When I first took over Deadite Press it was just being a super fan. I had been working at Eraserhead Press just doing whatever needed done at the office (the “Office Bitch” position) and had also been in correspondence with Edward Lee for several years. He had expressed to me that he was having difficulties getting some of his extreme horror work (which I loved!) published. I proposed to Rose O’Keefe and Carlton Mellick that we release a collection of his work on Deadite Press.
Now it’s worth noting that I did not start Deadite Press. That was done by someone years before me. They worked with Rose and Carlton but only released three books by Andre Duza before leaving the company. I honestly have no idea who that person was. But the imprint had basically been dead for years.
They gave me the OK and Lee was into the idea. He sent over enough stories that we actually released two collections at once – BRAIN CHEESE BUFFET and BULLET THROUGH YOUR FACE. Those were the first two releases I oversaw on Deadite Press. Much to all of our surprise, they did way better than anyone thought.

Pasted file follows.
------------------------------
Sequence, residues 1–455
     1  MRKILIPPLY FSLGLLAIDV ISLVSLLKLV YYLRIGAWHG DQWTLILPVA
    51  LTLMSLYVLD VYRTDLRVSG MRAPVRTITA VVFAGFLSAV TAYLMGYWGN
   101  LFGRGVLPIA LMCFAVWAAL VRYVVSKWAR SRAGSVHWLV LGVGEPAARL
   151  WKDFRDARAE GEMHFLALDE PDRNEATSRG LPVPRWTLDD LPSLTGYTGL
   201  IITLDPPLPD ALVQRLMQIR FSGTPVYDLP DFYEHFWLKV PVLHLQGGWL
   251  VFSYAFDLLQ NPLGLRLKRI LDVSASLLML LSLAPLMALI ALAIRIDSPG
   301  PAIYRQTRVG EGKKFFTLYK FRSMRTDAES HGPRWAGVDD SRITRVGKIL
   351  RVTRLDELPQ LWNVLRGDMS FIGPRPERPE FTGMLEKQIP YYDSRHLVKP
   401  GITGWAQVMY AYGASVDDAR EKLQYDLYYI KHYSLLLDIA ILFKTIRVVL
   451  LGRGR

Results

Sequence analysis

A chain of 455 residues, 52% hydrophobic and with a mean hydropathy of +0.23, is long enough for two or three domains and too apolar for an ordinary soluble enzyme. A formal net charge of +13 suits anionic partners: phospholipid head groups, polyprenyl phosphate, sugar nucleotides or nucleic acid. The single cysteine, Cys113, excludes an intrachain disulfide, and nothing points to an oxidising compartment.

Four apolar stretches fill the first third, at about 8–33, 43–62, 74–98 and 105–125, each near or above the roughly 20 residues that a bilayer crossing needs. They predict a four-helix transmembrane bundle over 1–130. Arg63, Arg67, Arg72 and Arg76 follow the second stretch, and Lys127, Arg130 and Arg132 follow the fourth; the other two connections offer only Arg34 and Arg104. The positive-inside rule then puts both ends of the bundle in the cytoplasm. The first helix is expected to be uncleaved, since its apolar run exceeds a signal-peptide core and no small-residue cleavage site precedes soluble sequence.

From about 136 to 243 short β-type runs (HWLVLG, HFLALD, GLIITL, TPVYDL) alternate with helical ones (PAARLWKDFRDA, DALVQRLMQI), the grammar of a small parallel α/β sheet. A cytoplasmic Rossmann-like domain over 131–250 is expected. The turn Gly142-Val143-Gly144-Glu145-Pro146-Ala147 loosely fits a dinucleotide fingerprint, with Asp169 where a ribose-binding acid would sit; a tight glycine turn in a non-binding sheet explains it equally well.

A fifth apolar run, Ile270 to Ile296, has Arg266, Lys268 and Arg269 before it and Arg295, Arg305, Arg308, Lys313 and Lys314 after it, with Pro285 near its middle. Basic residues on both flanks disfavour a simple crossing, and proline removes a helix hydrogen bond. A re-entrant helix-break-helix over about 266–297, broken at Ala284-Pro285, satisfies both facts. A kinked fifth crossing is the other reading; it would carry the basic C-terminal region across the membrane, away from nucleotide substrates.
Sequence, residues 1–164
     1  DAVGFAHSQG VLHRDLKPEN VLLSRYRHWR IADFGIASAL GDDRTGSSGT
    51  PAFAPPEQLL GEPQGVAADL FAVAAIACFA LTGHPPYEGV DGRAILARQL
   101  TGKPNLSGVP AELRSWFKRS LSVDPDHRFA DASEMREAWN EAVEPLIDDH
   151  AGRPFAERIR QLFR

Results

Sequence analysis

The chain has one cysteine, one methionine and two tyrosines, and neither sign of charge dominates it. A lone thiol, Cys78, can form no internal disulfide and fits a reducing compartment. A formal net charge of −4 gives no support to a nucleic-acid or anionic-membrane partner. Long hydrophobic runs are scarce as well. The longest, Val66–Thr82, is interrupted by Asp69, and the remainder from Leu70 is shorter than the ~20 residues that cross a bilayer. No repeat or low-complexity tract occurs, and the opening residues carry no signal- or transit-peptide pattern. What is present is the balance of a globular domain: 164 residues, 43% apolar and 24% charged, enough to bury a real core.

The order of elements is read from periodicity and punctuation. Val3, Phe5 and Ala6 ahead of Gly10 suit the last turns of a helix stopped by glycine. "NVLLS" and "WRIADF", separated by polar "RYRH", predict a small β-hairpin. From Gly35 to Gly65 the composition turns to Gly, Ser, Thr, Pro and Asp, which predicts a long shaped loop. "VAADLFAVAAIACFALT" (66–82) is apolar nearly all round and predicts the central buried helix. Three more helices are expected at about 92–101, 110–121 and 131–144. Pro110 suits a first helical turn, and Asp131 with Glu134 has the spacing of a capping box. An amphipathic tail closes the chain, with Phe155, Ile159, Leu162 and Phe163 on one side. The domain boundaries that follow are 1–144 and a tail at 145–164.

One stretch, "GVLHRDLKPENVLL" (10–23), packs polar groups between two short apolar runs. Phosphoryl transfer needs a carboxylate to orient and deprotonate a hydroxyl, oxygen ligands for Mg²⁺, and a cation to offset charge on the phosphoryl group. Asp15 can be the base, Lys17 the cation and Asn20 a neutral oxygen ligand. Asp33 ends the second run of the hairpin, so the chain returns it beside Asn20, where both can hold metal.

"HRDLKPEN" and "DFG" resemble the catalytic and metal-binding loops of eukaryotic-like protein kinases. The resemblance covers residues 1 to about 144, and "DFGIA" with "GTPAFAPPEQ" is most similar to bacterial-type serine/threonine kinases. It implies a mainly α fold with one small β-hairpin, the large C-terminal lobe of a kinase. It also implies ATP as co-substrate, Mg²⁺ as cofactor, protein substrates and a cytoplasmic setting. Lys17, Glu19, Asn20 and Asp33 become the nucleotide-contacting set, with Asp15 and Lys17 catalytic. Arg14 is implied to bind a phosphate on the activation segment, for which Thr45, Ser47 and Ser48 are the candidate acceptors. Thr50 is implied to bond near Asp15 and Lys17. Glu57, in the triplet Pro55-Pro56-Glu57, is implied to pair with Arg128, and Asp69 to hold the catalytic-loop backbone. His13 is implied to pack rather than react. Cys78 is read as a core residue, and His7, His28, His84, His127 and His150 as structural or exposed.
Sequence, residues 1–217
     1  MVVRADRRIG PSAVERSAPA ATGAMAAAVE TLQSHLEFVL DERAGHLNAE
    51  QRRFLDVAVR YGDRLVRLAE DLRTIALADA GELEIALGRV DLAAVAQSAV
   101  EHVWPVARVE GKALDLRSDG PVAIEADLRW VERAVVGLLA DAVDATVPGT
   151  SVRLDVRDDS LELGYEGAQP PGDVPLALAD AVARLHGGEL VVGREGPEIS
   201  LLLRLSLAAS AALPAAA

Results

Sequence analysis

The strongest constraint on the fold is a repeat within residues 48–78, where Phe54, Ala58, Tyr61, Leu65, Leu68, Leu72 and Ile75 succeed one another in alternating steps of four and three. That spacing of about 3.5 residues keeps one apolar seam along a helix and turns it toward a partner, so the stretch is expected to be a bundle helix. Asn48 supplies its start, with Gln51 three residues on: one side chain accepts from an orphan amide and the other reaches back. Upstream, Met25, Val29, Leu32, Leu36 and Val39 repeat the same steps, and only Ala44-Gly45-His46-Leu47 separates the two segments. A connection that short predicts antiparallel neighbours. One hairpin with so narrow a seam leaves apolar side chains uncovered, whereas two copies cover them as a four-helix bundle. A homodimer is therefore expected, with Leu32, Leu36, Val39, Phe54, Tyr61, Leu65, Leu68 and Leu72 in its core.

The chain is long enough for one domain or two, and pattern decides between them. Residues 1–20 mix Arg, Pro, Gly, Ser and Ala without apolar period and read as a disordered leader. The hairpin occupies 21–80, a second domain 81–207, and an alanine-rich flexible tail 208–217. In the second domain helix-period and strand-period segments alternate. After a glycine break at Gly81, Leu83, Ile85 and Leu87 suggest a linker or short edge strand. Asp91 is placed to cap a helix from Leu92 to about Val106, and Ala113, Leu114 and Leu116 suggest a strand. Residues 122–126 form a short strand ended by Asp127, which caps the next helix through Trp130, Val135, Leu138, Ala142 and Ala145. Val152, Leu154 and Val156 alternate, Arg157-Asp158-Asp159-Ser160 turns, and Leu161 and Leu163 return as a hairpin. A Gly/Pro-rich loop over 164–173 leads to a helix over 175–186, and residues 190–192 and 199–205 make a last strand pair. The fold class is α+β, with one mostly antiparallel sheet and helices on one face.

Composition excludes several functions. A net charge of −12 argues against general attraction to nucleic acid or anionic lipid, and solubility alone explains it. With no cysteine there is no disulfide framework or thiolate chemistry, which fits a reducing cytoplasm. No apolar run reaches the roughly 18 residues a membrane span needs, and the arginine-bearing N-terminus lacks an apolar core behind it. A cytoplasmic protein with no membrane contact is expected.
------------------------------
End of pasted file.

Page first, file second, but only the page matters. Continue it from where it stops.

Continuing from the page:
Rose and Carlton then asked me who else I might be interested in releasing books by. I sent out some emails and, amazingly, the next authors that were interested in doing Deadite books were Wrath James White, Bryan Smith, and Dave Brockie aka Oderus Urungus of GWAR. Things just kind of exploded from there.
I started working with Deadite Press primarily from a fan perspective. And that’s how I still approach every book. Now, I’m fortunate enough to be helping new authors find audiences. Somehow, and it honestly mystifies me how it happened, Deadite Press has developed a reputation for itself. If it’s good or bad, it depends on who you ask.
When I was officially placed in charge of Deadite and we started releasing books on a regular basis, my publisher goal was to create the horror line that I wished existed when I was watching movies like CANNIBAL HOLOCAUST and THE EVIL DEAD and wondering where the literature equivalent was.